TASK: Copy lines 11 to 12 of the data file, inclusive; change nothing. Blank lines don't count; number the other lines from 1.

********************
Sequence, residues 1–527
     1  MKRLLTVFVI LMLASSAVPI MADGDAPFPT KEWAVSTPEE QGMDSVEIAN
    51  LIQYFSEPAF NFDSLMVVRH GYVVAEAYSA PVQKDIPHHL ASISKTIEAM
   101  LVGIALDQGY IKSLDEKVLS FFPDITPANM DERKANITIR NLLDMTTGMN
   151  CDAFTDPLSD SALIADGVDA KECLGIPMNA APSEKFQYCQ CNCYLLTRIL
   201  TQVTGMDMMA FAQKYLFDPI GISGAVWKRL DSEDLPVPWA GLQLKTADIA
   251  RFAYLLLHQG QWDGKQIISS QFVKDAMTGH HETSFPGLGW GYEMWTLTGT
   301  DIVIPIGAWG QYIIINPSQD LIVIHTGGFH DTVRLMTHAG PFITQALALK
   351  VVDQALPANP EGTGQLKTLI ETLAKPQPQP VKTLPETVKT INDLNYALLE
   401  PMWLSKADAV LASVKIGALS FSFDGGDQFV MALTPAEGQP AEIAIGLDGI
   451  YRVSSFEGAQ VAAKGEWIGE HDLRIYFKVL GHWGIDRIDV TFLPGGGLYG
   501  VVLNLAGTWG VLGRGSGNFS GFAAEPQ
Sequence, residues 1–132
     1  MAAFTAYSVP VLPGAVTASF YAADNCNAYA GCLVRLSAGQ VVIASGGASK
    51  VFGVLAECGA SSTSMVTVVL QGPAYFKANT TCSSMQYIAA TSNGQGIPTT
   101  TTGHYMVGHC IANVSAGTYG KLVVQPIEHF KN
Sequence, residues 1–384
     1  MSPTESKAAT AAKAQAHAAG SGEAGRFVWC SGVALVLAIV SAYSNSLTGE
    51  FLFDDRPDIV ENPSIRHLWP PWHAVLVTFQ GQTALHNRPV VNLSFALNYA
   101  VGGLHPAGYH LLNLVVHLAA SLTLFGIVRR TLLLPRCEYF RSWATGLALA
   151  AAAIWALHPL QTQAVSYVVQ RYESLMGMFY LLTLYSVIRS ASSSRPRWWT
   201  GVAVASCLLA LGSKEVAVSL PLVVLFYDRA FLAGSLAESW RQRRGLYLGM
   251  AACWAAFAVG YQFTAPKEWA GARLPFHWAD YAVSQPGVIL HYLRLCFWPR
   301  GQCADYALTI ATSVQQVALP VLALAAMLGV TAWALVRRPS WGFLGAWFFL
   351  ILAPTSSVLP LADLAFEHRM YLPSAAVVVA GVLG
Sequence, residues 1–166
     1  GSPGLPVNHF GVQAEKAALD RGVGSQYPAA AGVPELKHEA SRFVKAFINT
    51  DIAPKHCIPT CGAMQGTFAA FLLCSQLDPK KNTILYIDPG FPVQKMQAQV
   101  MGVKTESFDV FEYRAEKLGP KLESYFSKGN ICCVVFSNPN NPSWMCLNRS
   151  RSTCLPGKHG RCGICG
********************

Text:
   451  YRVSSFEGAQ VAAKGEWIGE HDLRIYFKVL GHWGIDRIDV TFLPGGGLYG
   501  VVLNLAGTWG VLGRGSGNFS GFAAEPQ